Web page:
Illegal Alien Keeps $2 Million : Lottery Winner May Also Get a Free Trip to Mexico
A young San Jose laborer–who admitted that he is an illegal alien after winning $2 million this week in the state lottery–will get to keep his fortune, but he may have to leave the United States to spend it.
The Immigration and Naturalization Service launched an investigation into the status of Jose Caballero, a 24-year-old furniture deliveryman, after news reports of his windfall reached INS offices Tuesday.
“He’s no different than any other illegal alien,” said Harold Ezell, INS regional commissioner. “He will not get preferential treatment nor get ignored by us because he won all this money. . . . We’re after illegal aliens who are taking the jobs of U.S. citizens.”
Caballero, a bachelor who slipped across the border into the United States a year ago from his hometown of Apatzingan, Mexico, became an instant celebrity Monday when he was one of four people to win the lottery’s top prize during a televised wheel-spinning event in Hollywood.
Until he became a big winner, the young man was thought to be in the country legally. But after the spin, Caballero privately unloaded his bombshell to lottery officials.
“It was one of those gambles he was willing to take,” said lottery deputy director Jamie Bailey, the first person Caballero told of his illegal status. “Never did he expect to be a $2-million winner.”
Lottery officials quickly assured the new winner, however, that the $2-million prize is his to keep.
“They said it was no problem,” Caballero said at a news conference Tuesday in San Jose, with his sister-in-law acting as interpreter. “They said, ‘You paid a dollar for that ticket. You got a winning number.’ ”
Faces Two Choices
Lottery director Mark Michalko explained that his agency is not in the immigration business. “People are able to come in from any place in the world, win the lottery and we pay them,” he said. A $70,000 check, representing the first installment on his winnings, has already been mailed to Caballero, said lottery spokesman Bill Seaton.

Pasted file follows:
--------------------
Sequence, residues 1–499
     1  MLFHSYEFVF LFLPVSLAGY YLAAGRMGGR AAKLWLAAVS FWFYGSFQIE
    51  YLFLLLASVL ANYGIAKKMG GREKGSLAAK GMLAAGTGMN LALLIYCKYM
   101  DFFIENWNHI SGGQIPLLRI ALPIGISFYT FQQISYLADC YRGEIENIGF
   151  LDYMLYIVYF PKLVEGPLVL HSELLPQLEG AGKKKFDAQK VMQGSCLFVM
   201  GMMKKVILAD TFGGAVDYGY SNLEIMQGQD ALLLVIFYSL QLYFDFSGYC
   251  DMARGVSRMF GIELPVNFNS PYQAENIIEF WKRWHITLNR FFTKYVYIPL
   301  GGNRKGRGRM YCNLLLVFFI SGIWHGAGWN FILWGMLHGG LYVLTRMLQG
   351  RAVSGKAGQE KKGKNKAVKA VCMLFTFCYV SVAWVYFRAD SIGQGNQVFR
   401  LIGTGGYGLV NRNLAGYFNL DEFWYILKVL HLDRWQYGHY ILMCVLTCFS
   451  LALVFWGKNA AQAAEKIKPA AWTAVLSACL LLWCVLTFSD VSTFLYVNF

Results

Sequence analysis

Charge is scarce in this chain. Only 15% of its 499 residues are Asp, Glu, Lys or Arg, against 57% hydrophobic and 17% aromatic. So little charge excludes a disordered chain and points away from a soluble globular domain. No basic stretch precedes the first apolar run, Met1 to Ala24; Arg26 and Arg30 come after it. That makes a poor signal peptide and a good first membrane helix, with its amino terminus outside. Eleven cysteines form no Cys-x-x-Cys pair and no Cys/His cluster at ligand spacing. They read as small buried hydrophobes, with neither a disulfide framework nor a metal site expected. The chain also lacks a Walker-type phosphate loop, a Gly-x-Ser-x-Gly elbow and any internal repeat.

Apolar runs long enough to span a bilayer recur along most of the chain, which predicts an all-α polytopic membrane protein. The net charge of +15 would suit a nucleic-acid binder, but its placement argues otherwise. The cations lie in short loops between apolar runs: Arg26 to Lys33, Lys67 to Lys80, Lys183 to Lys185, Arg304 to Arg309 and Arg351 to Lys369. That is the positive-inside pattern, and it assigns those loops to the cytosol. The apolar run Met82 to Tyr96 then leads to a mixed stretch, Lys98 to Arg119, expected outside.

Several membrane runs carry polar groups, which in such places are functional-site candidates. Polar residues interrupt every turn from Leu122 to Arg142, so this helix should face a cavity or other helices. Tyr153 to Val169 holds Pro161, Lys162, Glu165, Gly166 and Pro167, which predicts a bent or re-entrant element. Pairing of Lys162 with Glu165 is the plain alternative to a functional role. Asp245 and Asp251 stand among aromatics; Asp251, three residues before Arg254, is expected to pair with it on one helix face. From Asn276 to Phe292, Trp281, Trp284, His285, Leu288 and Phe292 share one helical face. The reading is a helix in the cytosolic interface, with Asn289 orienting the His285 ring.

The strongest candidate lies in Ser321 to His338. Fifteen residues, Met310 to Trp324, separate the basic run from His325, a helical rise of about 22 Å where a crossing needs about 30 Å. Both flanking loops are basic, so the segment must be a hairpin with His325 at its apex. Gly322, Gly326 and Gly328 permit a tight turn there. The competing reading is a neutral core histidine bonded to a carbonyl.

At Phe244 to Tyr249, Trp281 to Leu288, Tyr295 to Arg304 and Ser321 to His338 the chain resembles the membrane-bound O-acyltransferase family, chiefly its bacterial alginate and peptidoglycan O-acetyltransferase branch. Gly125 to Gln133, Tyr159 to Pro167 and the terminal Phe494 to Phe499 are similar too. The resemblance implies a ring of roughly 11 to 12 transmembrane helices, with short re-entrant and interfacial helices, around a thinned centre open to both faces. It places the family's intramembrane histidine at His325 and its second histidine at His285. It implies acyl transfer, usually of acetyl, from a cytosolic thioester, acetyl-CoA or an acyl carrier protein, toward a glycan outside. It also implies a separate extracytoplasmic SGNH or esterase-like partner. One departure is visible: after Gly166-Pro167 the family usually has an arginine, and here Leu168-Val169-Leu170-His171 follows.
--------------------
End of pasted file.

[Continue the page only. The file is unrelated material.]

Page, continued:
According to Ezell, once INS officers determine the facts in Caballero’s case, the young Mexican–who said he wants to use his windfall to open a furniture manufacturing business–will be “given two choices.” He can return to Mexico voluntarily, Ezell said, or face a deportation hearing in front of an immigration judge.
Brother Is Resident Alien
Caballero lives in San Jose with a brother, who is a permanent resident alien, and his sister-in-law, who is a citizen. In addition, the new winner has several cousins who reside here legally. Ezell said that under certain circumstances Caballero’s relatives could act as sponsors for him to stay.
Caballero faced his immigration woes philosophically.
“I am prepared to do whatever I have to do honorably,” he said through an interpreter. “But what I want is to become a citizen.”
Caballero said he is not interested in returning to Mexico even though he could live like a king there. At the current exchange rate, Caballero’s jackpot winnings–$1.4 million after taxes–would amount to about 680 million Mexican pesos.
“I love this country,” he said. “I love San Jose.”
The lottery’s $2-million winners are paid $100,000 a year for 20 years, minus 20% for federal income taxes. The Internal Revenue Service said Caballero will have a 30% bite taken from his check because he is not a U.S. citizen and that 30% will continue to be deducted should Caballero have to return to Mexico.
Caballero said he is concerned that he may have to pay both U.S. and Mexican taxes if he is deported.
Caballero left his parents and eight brothers and sisters in Apatzingan, 200 miles west of Mexico City, to sneak across the border in 1984.
“It was no problem,” he said when asked about crossing into the United States.
Caballero described his family as middle class–his father is a loan officer in a bank and his mother owns a fruit warehouse.
Caballero speaks little English, so his sister-in-law, Blanca Caballero, 22, has been pressed into service to field the barrage of questions coming Caballero’s way since Monday night.
His only English words Tuesday came in reply to a question about when he would like to become an American citizen.
“Right now,” he said.
Meanwhile, Caballero was not the only one who faced legal action after taking part in the lottery’s jackpot spin.
Prosecutors in Sacramento, Riverside and San Luis Obispo counties say they will attach all the winnings of Joseph M. Frontino, 33, a Riverside hospital worker, who won $10,000 in the lottery’s Oct. 28 spin-off.
Frontino owes a total of $11,600 to at least three children involved in Superior Court cases in the three counties, according to Michael Barber of the Sacramento County district attorney’s office.
The state has stopped payment on Frontino’s winnings, and a hearing is scheduled Nov. 14 in Riverside County Superior Court.A young San Jose laborer–who admitted that he is an illegal alien after winning $2 million this week in the state lottery–will get to keep his fortune, but he may have to leave the United States to spend it. ]]>